The EDUCAUSE Annual Conference is underway in Denver, and it has already fulfilled its promise to gather academic professionals and technology providers from around the world to discuss the hottest IT issues in higher ed. Cyber security is emerging as a strong conference theme, and with good reason.
The higher ed sector is actually one of the most vulnerable to cyberattacks – second only to the healthcare industry, according to some studies. One of the biggest reasons colleges and universities are such juicy targets for cyber attackers is because they possess volumes of valuable intellectual property (IP) generated from various forms of research. But this is just the tip of the iceberg. Other factors include:
- Students, faculty and staff are constantly on the move, plugging unmanaged devices into university resources from many locations, without restrictions on their online traffic.
- Higher ed institutions possess massive amounts of data on students, faculty, staff, donors and visitors, including personally identifiable information (PII), financial data relating to tuition fees and student loans, protected health information (PHI), operational data (e.g., grade management systems), and confidential research with third parties.
- Most institutions prioritize an open campus environment to encourage the continuous exchange of information.
While organizations in other industries can implement strict security monitoring and controls to combat cyber threats, these protective measures can often result in privacy violations for universities and colleges that need to maintain a freedom of information culture. Add in other common IT challenges in higher ed – such as a lack of data governance, a lack of proper network segmentation, and a security alert overload caused by unpredictable environments – and it’s easy to see why many academic institutions struggle to balance user privacy with network security.
Are Privacy and Security in Higher Ed Mutually Exclusive?
Our higher ed customers all came to us asking the same question: Is it possible to guard student and faculty privacy, protect regulated data and intellectual property, and secure networks from attacks, all while maintaining an open network for the exchange of knowledge and ideas? Our answer has always been yes, thanks to advancements in artificial technology (AI), and, more specifically, natural language processing (NLP).
When it comes to threat detection and incident response, security teams (regardless of vertical) usually follow a similar strategy: They comb through logs and events to identify suspicious activity; they seek out relevant information from logs and third-party data sources to try and identify attack intent and its potential impact on the organization; and then, based on that information, they facilitate the appropriate response. While this is an acceptable operating procedure in most industries, higher ed is the exception, because these processes require security professionals to read the raw data – and this introduces the potential for privacy violations.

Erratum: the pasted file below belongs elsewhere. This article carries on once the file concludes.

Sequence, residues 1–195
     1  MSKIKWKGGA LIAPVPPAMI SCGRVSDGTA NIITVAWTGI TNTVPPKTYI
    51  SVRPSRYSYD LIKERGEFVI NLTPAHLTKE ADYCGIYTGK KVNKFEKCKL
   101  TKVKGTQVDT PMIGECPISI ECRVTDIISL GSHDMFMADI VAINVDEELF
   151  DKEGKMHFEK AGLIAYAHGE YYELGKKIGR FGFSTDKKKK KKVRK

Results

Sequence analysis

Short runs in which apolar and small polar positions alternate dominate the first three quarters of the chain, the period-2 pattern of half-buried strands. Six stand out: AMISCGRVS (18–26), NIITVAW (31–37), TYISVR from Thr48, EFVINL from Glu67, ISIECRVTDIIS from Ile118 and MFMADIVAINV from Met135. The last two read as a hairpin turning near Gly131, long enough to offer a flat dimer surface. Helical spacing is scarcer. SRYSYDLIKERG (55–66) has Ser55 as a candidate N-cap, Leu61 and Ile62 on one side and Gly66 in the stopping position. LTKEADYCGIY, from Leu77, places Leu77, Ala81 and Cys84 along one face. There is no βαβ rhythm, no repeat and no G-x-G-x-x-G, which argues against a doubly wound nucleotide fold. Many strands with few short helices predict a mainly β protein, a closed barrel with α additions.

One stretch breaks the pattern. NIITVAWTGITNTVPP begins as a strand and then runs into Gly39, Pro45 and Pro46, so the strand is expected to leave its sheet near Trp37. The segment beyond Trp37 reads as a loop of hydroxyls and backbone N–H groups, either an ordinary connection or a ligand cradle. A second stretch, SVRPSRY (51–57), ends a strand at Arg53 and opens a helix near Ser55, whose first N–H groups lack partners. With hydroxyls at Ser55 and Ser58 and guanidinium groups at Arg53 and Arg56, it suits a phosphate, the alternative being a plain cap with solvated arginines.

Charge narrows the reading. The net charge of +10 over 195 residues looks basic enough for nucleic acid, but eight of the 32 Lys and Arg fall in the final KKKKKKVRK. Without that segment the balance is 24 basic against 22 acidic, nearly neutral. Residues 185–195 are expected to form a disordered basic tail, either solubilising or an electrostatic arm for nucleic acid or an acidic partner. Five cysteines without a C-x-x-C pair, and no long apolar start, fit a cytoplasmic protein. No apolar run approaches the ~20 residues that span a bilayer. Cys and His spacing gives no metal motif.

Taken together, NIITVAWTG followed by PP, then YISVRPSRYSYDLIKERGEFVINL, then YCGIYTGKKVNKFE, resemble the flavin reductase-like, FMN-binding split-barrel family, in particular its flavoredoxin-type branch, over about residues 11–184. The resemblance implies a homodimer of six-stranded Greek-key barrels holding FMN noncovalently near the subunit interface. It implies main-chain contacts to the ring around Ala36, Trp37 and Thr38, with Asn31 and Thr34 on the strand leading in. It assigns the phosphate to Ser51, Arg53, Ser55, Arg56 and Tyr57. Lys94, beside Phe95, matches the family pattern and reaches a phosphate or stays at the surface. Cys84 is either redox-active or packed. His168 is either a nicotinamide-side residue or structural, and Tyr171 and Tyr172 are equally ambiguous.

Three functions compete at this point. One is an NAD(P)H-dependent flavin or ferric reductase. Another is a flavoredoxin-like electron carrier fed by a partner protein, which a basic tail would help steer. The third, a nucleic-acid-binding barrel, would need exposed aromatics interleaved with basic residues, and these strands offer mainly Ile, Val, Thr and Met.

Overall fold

NLP technology enables colleges and universities to get around this hurdle, because it equips machines with the ability to read and understand structured and unstructured data, and then draw conclusions from it, including deciphering attack intent. Amazon’s Alexa is a great example of how NLP works. The AI processes behind Alexa enable her to know how to read the human voice and understand the intent of what a person is asking. Based on that, Alexa answers in near real-time. NLP in cyber security works in much the same way. Instead of reading human voices, NLP algorithms read and understand raw data, and instead of determining the intent of a question, it deciphers the goal of an attack and optimizes threat response based on intent.
With automated threat detection and real-time incident response, analysts can immediately understand attack intent, the associated risks, and what type of prevention or remediation actions are needed, without reading the raw data. And when data isn’t exposed to humans, colleges and universities can uphold user privacy. It’s as simple as that.
But, why stop there? In addition to uniting privacy and security, true AI capabilities, including NLP, also deliver additional technology and business benefits; organizations can:
- Use their existing arsenal of security products more effectively, while dramatically cutting “noise” and the number of alerts that require attention from security teams.
- Achieve full network visibility, allowing enforcement of data governance.
- Orchestrate and optimize monitoring, investigation and response to meet regulatory requirements, including PCI-DSS and HIPAA.
- Reduce the burden on security analysts, freeing them to focus on more strategic initiatives that deliver business value.
AI and NLP are transforming cyber security in higher ed, but don’t take my word for it – listen to our customers. Click here to learn how the University of Oklahoma is using empow’s AI-driven SIEM platform to enable privacy and security to co-exist, or here to listen to a Bloomberg Radio interview detailing MIT Media Lab’s use of empow. If you’re attending EDUCAUSE, we invite you to stop by our booth (#S2) to learn more about these two use cases and the role of AI in higher ed.
The EDUCAUSE conference is a great reminder that cyber security should be top of mind for colleges and universities, but it must remain a year-round commitment. And, thanks to AI, it’s never been easier for security teams to make cyber security and user privacy mutually inclusive priorities.